June 3, 2020
Genre/Categories: Historical Fiction, Sisters, Complicated Family Drama, Own Voices
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The Vignes sisters are twins. They are light-skinned black girls, identical, and inseparable. They endure a childhood trauma, are forced to leave high school early and go to work, and eventually leave home (run away) together at sixteen. From that point, everything changes. The future finds them estranged. Desiree escapes an abusive marriage and returns to her small southern hometown to live with her mom and her dark child. This is difficult because the town celebrates light-skinned blacks and Desiree’s dark-skinned daughter, Jude, faces racism within the black community. Stella decides to pass as white which means that she completely cuts ties with her past and her family. The Vanishing Half begins in the 1950s and concludes in the 1990s with the next generation (Desiree’s and Stella’s daughters).
Spoilers: I find that it’s difficult to discuss The Vanishing Half in a spoiler-free review. So if you do not want any spoilers, it might be best to read the remainder of this review after you’ve read the book. If you do decide to read on, I tried not to reveal any major spoilers.
Themes: The Vanishing Half is an ambitious and multilayered story that deals with several thought-provoking themes. I think the various themes are the most compelling part of the reading experience and will inform any book club discussion. Themes include identity, racism, colorism, class, education, gender identity, sibling relationships, passing as white, secrets and lies, loneliness, sacrifice, family, mother/daughter relationships, forgiveness, friendship, and safety. There’s definitely a great deal to ponder and discuss!
Writing: The Vanishing Half is told from four perspectives (two grown sisters and each of their daughters). The overarching theme of identity is expertly interwoven throughout the story. Just as I settled into the racial and sibling relationship themes of the book at about 30%, gender identity was introduced. At first, it raised a question in my mind about the author attempting too many themes because I couldn’t see how they would fit together. By the end, I was able to appreciate the effective way in which the author connected the theme of racial identity with gender identity. Another aspect of the writing which I noticed is that the first half is predominately character-driven and the latter half relies heavily on a plot-driven structure. I enjoyed the first half of the story the most as the second half seemed to ping pong around between multiple perspectives and locations. Others who read with me in an Instagram buddy read were not concerned about this and enjoyed the entire read equally. Although we did tend to agree that one particular meet up of characters in New York required some suspension of belief. Overall the writing is largely character-driven, engaging, and the change in perspectives is fairly straightforward and the narrative is easy to follow.
Characters: I love multigenerational stories and well-developed characters. Even though the story’s focus is on Desiree and Stella, we are provided backstories to better understand their childhoods and their parents. As the story moves forward, we become acquainted with the next generation of daughters. A huge aspect of the story for me is thinking about motives for Desiree’s and Stella’s decisions and behaviors. Stella is complicated and a bit harder to understand. I had an opportunity to hear Bit Bennett talk about the story and I gained a deeper understanding of Stella and her need for safety as a result of her traumatic childhood experience. When I think about Stella’s actions strictly from the driving need for safety, it makes better sense.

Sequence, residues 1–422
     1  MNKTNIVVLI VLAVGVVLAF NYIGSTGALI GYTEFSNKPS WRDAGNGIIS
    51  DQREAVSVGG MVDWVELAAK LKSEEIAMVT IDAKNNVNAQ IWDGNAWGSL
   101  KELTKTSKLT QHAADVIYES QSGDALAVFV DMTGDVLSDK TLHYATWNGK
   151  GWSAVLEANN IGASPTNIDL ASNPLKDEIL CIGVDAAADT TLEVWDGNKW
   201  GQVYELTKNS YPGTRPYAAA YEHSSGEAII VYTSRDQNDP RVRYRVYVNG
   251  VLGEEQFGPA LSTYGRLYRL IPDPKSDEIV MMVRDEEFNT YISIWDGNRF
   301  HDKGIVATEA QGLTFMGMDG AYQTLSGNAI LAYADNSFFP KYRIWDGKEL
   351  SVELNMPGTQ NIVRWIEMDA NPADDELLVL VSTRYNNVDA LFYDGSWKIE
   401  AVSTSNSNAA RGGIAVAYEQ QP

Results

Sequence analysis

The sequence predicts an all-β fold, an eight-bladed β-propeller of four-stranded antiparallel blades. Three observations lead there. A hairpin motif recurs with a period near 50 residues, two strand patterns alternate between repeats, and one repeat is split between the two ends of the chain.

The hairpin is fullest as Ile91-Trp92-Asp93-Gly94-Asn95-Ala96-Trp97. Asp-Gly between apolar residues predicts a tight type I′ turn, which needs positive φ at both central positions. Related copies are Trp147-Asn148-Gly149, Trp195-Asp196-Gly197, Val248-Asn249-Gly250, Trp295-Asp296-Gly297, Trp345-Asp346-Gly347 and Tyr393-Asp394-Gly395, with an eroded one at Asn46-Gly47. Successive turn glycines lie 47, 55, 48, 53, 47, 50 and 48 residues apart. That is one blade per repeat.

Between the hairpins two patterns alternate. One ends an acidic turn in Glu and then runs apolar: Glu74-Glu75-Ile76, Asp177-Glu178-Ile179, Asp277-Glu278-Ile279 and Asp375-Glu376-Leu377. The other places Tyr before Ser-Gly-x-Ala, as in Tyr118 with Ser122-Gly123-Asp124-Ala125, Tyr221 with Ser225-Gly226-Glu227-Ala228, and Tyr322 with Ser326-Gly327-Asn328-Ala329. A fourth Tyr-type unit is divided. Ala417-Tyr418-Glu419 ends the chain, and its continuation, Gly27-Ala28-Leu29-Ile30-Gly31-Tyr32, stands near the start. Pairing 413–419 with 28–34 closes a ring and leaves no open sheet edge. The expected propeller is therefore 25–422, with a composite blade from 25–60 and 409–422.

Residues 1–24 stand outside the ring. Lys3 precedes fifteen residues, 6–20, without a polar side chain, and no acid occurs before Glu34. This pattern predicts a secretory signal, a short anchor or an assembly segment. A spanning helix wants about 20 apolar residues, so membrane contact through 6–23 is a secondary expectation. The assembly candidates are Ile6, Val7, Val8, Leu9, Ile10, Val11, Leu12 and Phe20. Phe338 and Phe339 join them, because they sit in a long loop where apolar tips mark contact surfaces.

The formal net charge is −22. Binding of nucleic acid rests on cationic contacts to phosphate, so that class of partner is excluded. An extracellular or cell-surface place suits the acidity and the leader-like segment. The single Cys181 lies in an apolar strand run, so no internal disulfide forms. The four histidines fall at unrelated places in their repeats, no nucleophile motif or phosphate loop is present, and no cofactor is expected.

Title: I love a great title and this one captures the identity theme perfectly.
Overall: In many ways, The Vanishing Half is a challenging read because of its relevant and thought-provoking themes. I especially love a story from an “own voices” author. I’m also a huge fan of stories that have a reconciliation theme. At first, I felt the story fell short for me in this area. However, after I heard the author speak about Stella I rethought my position. The author shares that she has read many stories in which the person who passes as white is condemned, and she didn’t want that for Stella. Because the author didn’t condemn Stella, she felt like she didn’t need a redemption story for her either and focused on a realistic ending. It’s always interesting to hear an author discuss their work and I encourage it whenever possible!
Content Considerations: traumatic death of a parent is mentioned in flashback, transgender representation throughout, spousal abuse mentioned
Recommended: My opinion is that the buzz is real for this one! The Vanishing Half is recommended for readers of historical fiction (setting); for fans of family drama and multilayered, character-driven stories; for readers who appreciate thought-provoking themes of racism, prejudice, and gender identity; for those looking for an own-voices story; and for book clubs.
“Own Voices”: If you are an “own voices” reviewer, I’d love to read your review. Please leave a link in comments.
My Rating: 4 Stars
Meet the Author, Brit Bennet
Born and raised in Southern California, Brit Bennett graduated from Stanford University and earned her MFA in fiction at the University of Michigan, where she won a Hopwood Award in Graduate Short Fiction as well as the 2014 Hurston/Wright Award for College Writers. She is a National Book Foundation “5 under 35” honoree, and her essays are featured in The New Yorker, The New York Times Magazine, The Paris Review, and Jezebel.
Have you read The Vanishing Half or is it on your TBR?
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